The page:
Arielism Versus Cosmopolitanism: Brazilian Reaction to 9/11/01 as Cultural Narrative and Identity Work

  • Laura Robinson SCU and Harvard Berkman Klein Center
Palavras-chave: Arielismo, Brasil, Identidade, Terrorismo, Discurso, Interação digital

Resumo

Esta pesquisa examina o trabalho da identidade vis-à-vis o discurso brasileiro sobre os acontecimentos de 11 de setembro de 2001. Os dados são provenientes de brasileiros e expatriados participantes de um fórum de discussão digital organizado pelo jornal O Estado de São Paulo. Ao discutir os eventos de 11 de setembro de 2001, os brasileiros também entendem o que significa ser brasileiro e o que significa ser humano. Como mostram os dados, os brasileiros enquadram as suas reações com base em entendimentos mais amplos do mundo social. As duas posturas mais dominantes vêm de brasileiros que adotam o que pode ser chamado de posturas arielistas e cosmopolitas. Além disso, um pequeno grupo de expatriados brasileiros entra na discussão como autoproclamado americanófilo. Ao examinar essas dinâmicas, vemos que as identidades resultam do processo de construção de identidade melhor enquadrado por uma perspetiva construtivista social. Nesses três casos, as identidades emergem da interação, engajamento e reação a estruturas de identidade concorrentes. Por meio das interações de diálogo em curso, os participantes brasileiros implicitamente fazem declarações sobre as suas autoconcepções e visões do lugar do Brasil no mundo durante este evento histórico. Significativamente, as posturas complementares e de oposição em reação ao 11/9/01 continuam a persistir, quase vinte anos após os ataques, nas estruturas ideológicas em torno das identidades nacionais que circulam atualmente no Brasil e nos EUA. Dessa forma, o discurso de 2001 prenuncia o abismo político iminente entre direita e esquerda no Brasil e nos Estados Unidos e fornece um impulso para pesquisas futuras.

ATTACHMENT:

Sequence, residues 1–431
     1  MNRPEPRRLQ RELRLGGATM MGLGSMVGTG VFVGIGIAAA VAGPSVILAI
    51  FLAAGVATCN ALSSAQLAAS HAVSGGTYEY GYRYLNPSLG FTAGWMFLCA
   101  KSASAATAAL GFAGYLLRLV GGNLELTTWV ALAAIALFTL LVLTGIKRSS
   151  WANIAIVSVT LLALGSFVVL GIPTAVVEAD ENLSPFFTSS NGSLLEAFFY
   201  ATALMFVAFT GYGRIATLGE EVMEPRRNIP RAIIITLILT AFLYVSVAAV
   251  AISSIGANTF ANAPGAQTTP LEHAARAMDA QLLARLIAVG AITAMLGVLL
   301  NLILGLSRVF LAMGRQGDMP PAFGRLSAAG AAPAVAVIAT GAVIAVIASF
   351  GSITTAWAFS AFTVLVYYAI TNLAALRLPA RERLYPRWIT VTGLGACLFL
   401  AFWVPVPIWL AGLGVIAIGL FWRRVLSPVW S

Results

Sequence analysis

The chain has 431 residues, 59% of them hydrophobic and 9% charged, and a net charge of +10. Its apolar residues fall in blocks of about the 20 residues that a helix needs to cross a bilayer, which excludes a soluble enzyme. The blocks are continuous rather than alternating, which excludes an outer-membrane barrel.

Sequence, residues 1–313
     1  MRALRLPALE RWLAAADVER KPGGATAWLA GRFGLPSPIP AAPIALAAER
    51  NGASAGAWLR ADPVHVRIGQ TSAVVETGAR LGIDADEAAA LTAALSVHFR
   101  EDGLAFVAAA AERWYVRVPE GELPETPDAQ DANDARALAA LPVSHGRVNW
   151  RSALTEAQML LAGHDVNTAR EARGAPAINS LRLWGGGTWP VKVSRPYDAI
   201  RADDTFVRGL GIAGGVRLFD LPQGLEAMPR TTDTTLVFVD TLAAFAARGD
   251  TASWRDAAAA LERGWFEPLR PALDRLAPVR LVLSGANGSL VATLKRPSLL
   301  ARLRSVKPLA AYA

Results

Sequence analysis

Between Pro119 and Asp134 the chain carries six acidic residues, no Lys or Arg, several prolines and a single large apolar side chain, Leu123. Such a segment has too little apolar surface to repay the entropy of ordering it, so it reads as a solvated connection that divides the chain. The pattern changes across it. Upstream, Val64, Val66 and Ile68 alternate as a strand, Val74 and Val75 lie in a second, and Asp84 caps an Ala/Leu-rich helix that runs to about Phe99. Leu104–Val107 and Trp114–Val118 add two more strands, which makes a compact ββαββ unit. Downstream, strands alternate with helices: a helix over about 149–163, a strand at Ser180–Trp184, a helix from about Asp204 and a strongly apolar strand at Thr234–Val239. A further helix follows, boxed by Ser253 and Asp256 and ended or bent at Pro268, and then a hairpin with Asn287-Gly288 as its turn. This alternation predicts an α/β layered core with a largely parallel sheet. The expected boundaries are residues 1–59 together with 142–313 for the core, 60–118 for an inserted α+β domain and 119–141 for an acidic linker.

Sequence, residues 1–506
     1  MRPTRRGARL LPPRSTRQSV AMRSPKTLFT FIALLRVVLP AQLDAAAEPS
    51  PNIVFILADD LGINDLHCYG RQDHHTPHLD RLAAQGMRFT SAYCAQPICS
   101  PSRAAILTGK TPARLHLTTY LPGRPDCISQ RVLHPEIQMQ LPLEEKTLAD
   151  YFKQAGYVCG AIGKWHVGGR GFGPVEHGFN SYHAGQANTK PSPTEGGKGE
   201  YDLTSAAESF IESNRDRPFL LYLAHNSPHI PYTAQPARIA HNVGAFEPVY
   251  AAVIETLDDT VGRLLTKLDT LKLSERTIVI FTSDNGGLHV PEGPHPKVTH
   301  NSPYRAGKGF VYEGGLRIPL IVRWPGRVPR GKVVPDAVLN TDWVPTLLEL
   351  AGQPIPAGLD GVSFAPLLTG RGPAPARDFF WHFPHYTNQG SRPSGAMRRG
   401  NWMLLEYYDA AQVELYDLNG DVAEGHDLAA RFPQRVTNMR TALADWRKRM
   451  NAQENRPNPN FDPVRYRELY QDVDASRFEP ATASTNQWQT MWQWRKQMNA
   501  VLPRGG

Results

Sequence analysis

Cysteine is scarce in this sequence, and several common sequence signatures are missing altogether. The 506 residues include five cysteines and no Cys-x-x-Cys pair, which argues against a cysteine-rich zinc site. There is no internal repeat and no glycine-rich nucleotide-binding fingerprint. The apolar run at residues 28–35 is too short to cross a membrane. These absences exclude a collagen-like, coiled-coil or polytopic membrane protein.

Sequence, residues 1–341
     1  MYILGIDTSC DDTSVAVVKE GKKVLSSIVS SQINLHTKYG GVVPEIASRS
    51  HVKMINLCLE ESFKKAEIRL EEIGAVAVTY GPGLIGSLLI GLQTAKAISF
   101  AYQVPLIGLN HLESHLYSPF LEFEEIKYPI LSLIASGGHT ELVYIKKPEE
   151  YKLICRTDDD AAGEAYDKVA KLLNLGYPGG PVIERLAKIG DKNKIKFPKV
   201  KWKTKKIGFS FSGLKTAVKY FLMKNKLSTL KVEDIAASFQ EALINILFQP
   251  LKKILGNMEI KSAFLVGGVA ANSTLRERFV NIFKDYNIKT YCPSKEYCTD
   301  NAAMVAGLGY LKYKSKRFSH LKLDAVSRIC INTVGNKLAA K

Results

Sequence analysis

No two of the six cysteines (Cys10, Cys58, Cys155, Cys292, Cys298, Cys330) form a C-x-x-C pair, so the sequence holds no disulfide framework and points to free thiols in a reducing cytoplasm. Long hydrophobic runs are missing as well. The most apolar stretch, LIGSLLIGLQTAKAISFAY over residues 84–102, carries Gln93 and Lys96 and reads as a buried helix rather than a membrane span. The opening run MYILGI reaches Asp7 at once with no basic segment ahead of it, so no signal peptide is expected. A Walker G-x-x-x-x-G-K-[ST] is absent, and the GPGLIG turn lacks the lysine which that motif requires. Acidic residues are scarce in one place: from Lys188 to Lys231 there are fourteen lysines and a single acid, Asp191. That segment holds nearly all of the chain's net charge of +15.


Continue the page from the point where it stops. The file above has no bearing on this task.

Biografia Autor

Laura Robinson, SCU and Harvard Berkman Klein Center

Associate Professor in the Department of Sociology at Santa Clara University and Faculty Associate at the Harvard Berkman Klein Center for Internet & Society. She earned her PhD from UCLA, where she held a Mellon Fellowship in Latin American Studies and received a Bourse d’Accueil at the École Normale Supérieure. In addition to holding a postdoctoral fellowship on a John D. and Catherine T. MacArthur Foundation funded project at the USC Annenberg Center, Robinson has served as Visiting Assistant Professor at Cornell University and the Chair of CITAMS (formerly CITASA) for 2014-2015. Her research has earned awards from CITASA, AOIR, and NCA IICD. Robinson’s current multi-year study examines digital and informational inequalities. Her other publications explore interaction and identity work, as well as new media in Brazil, France, and the U.S.

Referências

Anderson, B. (1991). Imagined communities: Reflections on the origin and spread of nationalism. London: Verso.

Beck, U. (2000). The cosmopolitan perspective: Sociology of the second age of modernity. British Journal of Sociology, 51(1), 79-105.

Beiner, R. (1999). (Ed.). Theorizing Nationalism. Albany, NY: State University of New York Press.

Brubaker, R., & Cooper, F. (2001). Beyond identity. Theory and Society 29, 1-47.

Calhoun, C. (Ed.) (1994). Social theory and the politics of identity. Oxford, UK: Blackwell.

Fine, G. (1993). The sad demise, mysterious disappearance, and glorious triumph of symbolic interactionism. Annual Review of Sociology, 19, 61-87.

Fisher, K. (1997). Locating frames in the discursive universe. Sociological Research Online 2(3), 88-111.

Fominaya, C. F. (2007). Autonomous movements and the institutional left: Two approaches in tension in Madrid’s anti-globalization network. South European Society and Politics 12(3), 335-358.